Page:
The Herald Proximity project exists to provide a range of fundamental API to allow software developers to quickly build applications that rely on regular distance proximity calculation and the exchange of data between two or more devices.
There are a range of use cases, but the most common are below:-
Read about all potential applications on our Applications page.
Herald provides a number of innovations and features to make it ideally suited to Proximity detection applications.
Herald works on older phones and operating systems. You don’t have to own a $1000 smartphone to benefit from Herald. In order to support at-risk communities, the developing world, and those younger and older people without access to smartphones, Herald also supports low-cost wearable designs.
We estimate over 98% of smartphones worldwide can use Herald. We support mobile operating systems going all the way back to 2010 when Bluetooth Low Energy first appeared.
Herald currently supports Bluetooth Low Energy and will log RSSI readings for other nearby devices for every single advertisement seen. This allows us to provide much more accurate RSSI readings, and thus distance conversion, than other protocols. We are also engaged in active research to improve distance estimation accuracy. Herald can be extended to support other mechanisms such as UWB and high frequency audio distance estimation all within the same API, with no changes to your applications.
Herald detects 100% of other nearby devices running Herald. This typically takes around 2.5 seconds. This works whether the devices are in the foreground or background.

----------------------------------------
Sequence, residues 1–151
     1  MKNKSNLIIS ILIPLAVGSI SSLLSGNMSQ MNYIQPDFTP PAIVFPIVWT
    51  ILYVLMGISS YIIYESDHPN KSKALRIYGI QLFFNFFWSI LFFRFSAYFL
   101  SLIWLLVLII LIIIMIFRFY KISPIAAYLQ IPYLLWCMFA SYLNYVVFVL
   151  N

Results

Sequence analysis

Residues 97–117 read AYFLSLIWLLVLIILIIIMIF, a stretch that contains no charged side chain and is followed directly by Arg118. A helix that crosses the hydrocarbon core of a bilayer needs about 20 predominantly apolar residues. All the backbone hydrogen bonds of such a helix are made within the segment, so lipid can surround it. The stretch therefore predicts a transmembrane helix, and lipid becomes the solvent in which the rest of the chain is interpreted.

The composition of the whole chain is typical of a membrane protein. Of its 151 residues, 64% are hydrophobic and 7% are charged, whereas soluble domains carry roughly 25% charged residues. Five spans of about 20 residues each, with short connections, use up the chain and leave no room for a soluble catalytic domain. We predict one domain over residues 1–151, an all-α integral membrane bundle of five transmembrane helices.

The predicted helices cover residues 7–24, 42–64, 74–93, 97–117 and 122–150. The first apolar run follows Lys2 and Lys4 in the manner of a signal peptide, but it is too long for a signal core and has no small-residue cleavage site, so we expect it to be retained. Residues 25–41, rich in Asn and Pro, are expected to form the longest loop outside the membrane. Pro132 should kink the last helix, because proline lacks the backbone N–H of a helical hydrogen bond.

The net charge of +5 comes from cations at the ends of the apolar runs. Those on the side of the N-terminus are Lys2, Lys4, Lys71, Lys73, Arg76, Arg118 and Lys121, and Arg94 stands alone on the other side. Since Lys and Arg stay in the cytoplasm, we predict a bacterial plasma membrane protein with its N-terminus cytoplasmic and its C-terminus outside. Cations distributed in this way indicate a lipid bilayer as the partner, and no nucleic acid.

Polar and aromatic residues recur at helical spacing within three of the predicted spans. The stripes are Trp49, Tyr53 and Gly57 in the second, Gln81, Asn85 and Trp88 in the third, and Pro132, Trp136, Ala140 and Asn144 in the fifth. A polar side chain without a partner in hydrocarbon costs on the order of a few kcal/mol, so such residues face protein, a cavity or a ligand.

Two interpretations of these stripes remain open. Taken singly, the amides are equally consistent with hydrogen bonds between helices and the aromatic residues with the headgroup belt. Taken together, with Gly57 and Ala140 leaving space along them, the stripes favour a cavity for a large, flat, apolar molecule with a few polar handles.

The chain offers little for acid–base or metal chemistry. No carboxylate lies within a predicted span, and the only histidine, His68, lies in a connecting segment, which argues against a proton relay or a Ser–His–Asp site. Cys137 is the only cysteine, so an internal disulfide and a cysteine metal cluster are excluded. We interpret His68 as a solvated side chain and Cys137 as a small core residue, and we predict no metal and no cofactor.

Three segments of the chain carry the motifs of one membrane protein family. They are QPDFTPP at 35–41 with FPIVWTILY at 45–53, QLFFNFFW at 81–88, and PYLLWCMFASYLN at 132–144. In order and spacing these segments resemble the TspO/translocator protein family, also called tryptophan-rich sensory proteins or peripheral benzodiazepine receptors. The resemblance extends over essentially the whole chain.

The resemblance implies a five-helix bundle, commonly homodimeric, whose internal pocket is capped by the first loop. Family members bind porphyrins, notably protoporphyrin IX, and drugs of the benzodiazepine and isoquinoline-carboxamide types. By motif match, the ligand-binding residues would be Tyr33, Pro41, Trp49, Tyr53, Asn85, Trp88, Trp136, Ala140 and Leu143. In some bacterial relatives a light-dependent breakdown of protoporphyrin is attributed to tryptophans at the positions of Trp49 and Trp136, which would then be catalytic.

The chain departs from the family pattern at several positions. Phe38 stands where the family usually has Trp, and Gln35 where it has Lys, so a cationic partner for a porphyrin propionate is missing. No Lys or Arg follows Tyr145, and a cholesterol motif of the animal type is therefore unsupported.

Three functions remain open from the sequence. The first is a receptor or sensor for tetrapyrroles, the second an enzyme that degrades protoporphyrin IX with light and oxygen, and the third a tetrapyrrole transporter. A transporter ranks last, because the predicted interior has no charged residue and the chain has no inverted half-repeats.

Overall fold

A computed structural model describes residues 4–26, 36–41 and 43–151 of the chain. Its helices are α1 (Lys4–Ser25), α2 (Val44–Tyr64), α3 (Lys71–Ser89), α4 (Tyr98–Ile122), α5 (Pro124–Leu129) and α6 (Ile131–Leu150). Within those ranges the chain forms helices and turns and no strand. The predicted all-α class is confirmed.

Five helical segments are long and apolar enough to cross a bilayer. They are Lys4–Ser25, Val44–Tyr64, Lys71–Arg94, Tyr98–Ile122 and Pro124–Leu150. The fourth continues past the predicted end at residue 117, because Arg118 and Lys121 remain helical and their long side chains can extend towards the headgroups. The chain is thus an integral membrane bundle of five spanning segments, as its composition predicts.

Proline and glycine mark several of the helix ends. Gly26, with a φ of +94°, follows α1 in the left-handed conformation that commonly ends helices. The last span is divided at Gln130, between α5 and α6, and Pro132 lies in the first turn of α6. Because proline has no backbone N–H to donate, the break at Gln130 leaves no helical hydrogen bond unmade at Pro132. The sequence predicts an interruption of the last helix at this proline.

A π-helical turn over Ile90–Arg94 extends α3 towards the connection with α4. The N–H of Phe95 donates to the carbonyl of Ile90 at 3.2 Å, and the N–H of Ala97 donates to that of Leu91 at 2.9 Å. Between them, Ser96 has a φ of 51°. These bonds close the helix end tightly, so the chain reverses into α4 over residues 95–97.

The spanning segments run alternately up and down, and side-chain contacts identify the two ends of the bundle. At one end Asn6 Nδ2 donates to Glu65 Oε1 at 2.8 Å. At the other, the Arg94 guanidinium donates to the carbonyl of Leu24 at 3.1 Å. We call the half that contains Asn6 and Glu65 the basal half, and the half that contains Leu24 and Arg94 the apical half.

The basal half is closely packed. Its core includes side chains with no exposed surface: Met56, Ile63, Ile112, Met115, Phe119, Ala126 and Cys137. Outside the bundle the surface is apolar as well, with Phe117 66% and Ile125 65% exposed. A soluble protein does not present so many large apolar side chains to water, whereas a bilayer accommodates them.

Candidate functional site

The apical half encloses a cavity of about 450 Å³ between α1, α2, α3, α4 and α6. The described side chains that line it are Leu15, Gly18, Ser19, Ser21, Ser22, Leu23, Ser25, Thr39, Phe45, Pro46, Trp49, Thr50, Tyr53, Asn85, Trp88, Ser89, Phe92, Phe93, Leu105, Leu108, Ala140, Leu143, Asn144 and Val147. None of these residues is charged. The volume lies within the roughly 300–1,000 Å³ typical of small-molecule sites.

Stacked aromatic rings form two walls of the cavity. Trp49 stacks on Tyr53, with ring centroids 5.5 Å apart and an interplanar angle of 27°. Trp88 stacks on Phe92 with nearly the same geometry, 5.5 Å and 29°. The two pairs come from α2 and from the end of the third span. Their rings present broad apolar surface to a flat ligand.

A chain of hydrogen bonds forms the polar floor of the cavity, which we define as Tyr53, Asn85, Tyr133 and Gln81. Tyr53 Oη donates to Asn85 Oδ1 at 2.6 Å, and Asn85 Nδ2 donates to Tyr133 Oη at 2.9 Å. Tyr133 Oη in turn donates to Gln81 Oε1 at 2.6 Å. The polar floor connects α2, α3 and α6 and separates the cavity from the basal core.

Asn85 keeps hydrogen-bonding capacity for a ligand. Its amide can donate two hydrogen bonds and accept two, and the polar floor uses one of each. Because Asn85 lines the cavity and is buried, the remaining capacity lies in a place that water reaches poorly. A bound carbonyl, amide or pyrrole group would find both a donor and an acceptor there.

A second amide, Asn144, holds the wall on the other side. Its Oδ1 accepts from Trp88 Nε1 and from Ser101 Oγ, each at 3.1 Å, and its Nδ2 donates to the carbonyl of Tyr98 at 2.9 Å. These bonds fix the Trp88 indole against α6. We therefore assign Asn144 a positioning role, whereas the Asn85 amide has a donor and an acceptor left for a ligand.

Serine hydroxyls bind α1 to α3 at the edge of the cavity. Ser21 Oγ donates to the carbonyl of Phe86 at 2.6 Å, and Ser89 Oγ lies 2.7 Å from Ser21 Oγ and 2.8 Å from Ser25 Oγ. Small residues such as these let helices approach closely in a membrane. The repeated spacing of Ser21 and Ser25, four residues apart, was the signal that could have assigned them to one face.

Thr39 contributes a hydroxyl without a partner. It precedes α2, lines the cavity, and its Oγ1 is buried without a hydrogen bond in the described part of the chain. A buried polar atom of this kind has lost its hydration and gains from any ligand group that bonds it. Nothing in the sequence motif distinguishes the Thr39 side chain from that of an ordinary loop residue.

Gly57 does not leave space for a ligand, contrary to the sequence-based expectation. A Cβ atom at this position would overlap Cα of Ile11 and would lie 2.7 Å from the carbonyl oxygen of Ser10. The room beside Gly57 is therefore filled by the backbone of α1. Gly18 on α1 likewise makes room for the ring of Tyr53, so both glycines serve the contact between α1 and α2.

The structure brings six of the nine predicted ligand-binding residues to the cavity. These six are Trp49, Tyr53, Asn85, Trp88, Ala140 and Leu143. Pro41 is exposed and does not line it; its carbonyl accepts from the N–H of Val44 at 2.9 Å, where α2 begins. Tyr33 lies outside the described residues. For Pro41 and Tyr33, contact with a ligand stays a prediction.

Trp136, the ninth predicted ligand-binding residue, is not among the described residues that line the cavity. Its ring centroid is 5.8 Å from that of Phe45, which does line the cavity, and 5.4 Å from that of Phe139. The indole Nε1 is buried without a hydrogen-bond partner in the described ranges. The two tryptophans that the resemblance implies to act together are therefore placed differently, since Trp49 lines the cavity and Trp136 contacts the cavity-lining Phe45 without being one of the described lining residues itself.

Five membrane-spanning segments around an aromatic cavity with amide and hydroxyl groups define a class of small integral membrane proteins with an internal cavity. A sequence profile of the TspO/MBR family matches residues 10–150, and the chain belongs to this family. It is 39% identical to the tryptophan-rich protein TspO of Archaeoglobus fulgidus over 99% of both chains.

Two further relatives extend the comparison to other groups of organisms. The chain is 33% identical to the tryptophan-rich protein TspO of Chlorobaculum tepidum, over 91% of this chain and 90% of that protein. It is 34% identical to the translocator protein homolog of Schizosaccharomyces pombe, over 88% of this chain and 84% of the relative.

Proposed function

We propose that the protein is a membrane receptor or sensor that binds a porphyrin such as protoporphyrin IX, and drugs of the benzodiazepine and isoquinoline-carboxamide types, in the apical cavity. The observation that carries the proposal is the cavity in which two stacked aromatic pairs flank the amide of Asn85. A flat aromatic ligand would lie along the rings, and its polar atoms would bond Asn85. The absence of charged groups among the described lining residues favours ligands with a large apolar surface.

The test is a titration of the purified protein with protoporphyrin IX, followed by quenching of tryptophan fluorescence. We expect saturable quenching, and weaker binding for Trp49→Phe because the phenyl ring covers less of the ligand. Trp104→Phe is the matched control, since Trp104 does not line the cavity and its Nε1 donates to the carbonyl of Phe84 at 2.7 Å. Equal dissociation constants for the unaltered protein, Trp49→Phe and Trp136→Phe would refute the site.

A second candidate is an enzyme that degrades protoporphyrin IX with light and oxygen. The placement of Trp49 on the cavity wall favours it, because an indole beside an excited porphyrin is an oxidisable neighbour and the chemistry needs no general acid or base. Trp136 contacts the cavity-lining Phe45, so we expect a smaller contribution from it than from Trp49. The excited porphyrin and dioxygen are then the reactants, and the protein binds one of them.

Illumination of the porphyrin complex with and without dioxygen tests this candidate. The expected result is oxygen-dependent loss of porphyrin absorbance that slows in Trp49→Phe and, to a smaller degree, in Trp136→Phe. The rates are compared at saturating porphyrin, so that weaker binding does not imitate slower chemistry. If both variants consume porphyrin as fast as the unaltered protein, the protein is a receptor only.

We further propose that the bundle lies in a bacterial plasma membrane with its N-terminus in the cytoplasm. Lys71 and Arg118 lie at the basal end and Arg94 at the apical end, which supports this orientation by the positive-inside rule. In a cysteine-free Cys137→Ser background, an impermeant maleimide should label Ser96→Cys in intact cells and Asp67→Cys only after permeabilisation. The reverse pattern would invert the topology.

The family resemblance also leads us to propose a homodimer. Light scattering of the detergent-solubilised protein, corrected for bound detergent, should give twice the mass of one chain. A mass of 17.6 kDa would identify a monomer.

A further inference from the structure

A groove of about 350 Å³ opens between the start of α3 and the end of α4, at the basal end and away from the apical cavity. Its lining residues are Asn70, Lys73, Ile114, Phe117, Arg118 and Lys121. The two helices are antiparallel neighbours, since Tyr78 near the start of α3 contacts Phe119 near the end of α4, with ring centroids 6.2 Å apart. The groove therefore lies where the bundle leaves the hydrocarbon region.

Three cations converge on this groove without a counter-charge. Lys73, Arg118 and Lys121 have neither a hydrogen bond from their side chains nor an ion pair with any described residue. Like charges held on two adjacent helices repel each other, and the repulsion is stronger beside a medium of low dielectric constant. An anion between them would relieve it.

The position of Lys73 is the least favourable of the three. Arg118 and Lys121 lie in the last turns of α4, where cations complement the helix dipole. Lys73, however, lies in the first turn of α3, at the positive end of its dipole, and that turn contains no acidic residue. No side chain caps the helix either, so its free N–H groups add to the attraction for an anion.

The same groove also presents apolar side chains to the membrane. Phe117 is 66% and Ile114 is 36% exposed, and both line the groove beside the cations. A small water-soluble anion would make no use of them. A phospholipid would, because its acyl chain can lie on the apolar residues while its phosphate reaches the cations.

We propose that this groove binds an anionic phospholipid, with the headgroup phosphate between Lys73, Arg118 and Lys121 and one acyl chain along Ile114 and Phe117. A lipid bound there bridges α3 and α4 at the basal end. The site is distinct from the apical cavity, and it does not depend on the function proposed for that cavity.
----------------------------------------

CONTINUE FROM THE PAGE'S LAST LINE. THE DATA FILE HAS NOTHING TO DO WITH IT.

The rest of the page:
In digital contact tracing multiple algorithms can be applied to estimate COVID-19 and other disease exposure risks. In other environments such as worker safety beacons may be deployed that log and share other environmental readings such as noxious gas, carbon monoxide, temperature and other readings. Herald can be used for health monitoring wearables too, provide a rich set of data to individuals and their doctors.
Herald has actively created an interoperability standard that is being contributed to standards body work worldwide for Digital Contact Tracing interoperability. Whether DCT or another application, all Herald proximity API capable applications can interoperate at the Bluetooth Low Energy layer allowing the same protocol to support multiple proximity based applications and allowing different systems from different vendors or opensource teams to interoperate on day 1.
All Herald output is licensed under permissive open source licenses. This allows our work to be used by anyone for commercial or non-commercial purposes.
Herald software is licensed under the Apache 2.0 license.